The sisters lived out their entire lives in that house, which had been left to Charlotte by their father John Church Hamilton, “with a full confidence that she will render it during her life a kind abode for her sisters while unmarried …” They remained unmarried. 

Charlotte, the oldest, was the first to die, in 1896 when she was 78. The New York Times said, “As a child she was remarkable for her beauty and was a great favorite of Gen. Lafayette.”

Three years later Adelaide had Alice, the youngest, declared insane. “Miss Adelaide testified that her sister imagined that she could not walk, and was subject to religious delusions. She thought all her relatives were dead.” Alice also imagined she herself to have been dead for five years, and when a doctor for the court came to examine her she said, “I am very sorry, but you are dead too.” Alice died in 1906, when she was 68.

Adelaide was the last to die, in 1915, and she left an estate of $750,000. Among the beneficiaries were her coachman, laundress, two butlers and three maids. She was 85.

Each time one of the sisters died, two of their nephews, John C. L. Hamilton and Edgar A. Hamilton, came out of the woodwork to contest their wills on the grounds that each sister was not of sound mind (in Alice’s case they were right). The nephews had also contested the wills of their grandparents, John and Maria. Their father was John C. A. Hamilton (John Church’s brother), a civil engineer who’d gone out West years before and who had died there. His sons came back to New York, but they were never close to their father’s family. They also never won any of their cases.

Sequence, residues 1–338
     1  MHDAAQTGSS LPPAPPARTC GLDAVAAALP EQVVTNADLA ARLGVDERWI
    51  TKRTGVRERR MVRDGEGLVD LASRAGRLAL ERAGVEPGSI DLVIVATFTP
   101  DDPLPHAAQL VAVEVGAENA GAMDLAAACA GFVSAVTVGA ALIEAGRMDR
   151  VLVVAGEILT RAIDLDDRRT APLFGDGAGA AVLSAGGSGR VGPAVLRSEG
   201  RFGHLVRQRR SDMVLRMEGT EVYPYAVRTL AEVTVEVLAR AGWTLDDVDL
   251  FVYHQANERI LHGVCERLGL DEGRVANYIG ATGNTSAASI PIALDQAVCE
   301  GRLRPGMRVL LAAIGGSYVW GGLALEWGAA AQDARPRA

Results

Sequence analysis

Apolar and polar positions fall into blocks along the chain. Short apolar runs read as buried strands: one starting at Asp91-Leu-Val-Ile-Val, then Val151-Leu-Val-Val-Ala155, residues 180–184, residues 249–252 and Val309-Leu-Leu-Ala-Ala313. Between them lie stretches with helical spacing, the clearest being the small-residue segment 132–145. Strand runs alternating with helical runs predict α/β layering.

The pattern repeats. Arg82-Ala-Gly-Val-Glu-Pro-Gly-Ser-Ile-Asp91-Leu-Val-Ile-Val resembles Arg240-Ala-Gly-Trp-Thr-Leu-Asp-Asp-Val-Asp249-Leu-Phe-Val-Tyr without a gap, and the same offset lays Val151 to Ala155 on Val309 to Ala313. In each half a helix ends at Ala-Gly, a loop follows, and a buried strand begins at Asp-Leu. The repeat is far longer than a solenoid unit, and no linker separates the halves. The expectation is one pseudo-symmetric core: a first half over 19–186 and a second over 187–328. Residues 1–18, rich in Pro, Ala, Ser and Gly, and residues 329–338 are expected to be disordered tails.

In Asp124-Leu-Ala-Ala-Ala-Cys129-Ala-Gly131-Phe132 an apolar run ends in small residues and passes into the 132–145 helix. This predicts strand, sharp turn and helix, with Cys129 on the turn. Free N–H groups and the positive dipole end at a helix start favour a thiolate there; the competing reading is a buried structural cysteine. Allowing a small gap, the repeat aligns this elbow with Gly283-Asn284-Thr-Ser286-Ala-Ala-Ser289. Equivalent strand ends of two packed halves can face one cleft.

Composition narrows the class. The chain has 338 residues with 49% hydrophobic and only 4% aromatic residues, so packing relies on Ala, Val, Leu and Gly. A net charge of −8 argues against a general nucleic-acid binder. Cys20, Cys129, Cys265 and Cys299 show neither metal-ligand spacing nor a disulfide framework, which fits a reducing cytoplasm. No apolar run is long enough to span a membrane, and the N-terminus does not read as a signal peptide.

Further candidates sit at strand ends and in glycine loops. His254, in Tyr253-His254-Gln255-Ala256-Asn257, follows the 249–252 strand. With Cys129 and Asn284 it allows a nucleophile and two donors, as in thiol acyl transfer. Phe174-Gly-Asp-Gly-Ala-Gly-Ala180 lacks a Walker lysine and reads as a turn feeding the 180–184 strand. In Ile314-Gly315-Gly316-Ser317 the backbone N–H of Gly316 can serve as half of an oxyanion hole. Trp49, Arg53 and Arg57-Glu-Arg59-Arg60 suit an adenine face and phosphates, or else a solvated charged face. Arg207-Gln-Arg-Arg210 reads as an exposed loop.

I took a picture of the building, which still stands. It was built in 1852 and got an ugly brick facade in 1920. From the Landmarks Preservation report:

“Constructed in 1852 for J.C. Hamilton, this building was originally a wide, stone-faced rowhouse of four stories with a basement. Although wider than the standard rowhouse, it may have been built as part of a row between 9 and 19 West 20th Street. John C. Hamilton, who may have been the original owner or a descendant, was listed as a resident in 1882-83. In 1920, the original facade and stoop were removed, the front was reconstructed at the building line, and the sixth story was added.”

It doesn’t seem from the report that they were aware that John C. Hamilton was John Church Hamilton, a son of Alexander Hamilton. I’ve been trying to find a pre-1920 picture, but so far I’ve been unsuccessful. It must have been beautiful once. This was an extremely wealthy neighborhood at one time.

John Church Hamilton House 17 West 20th Street New York City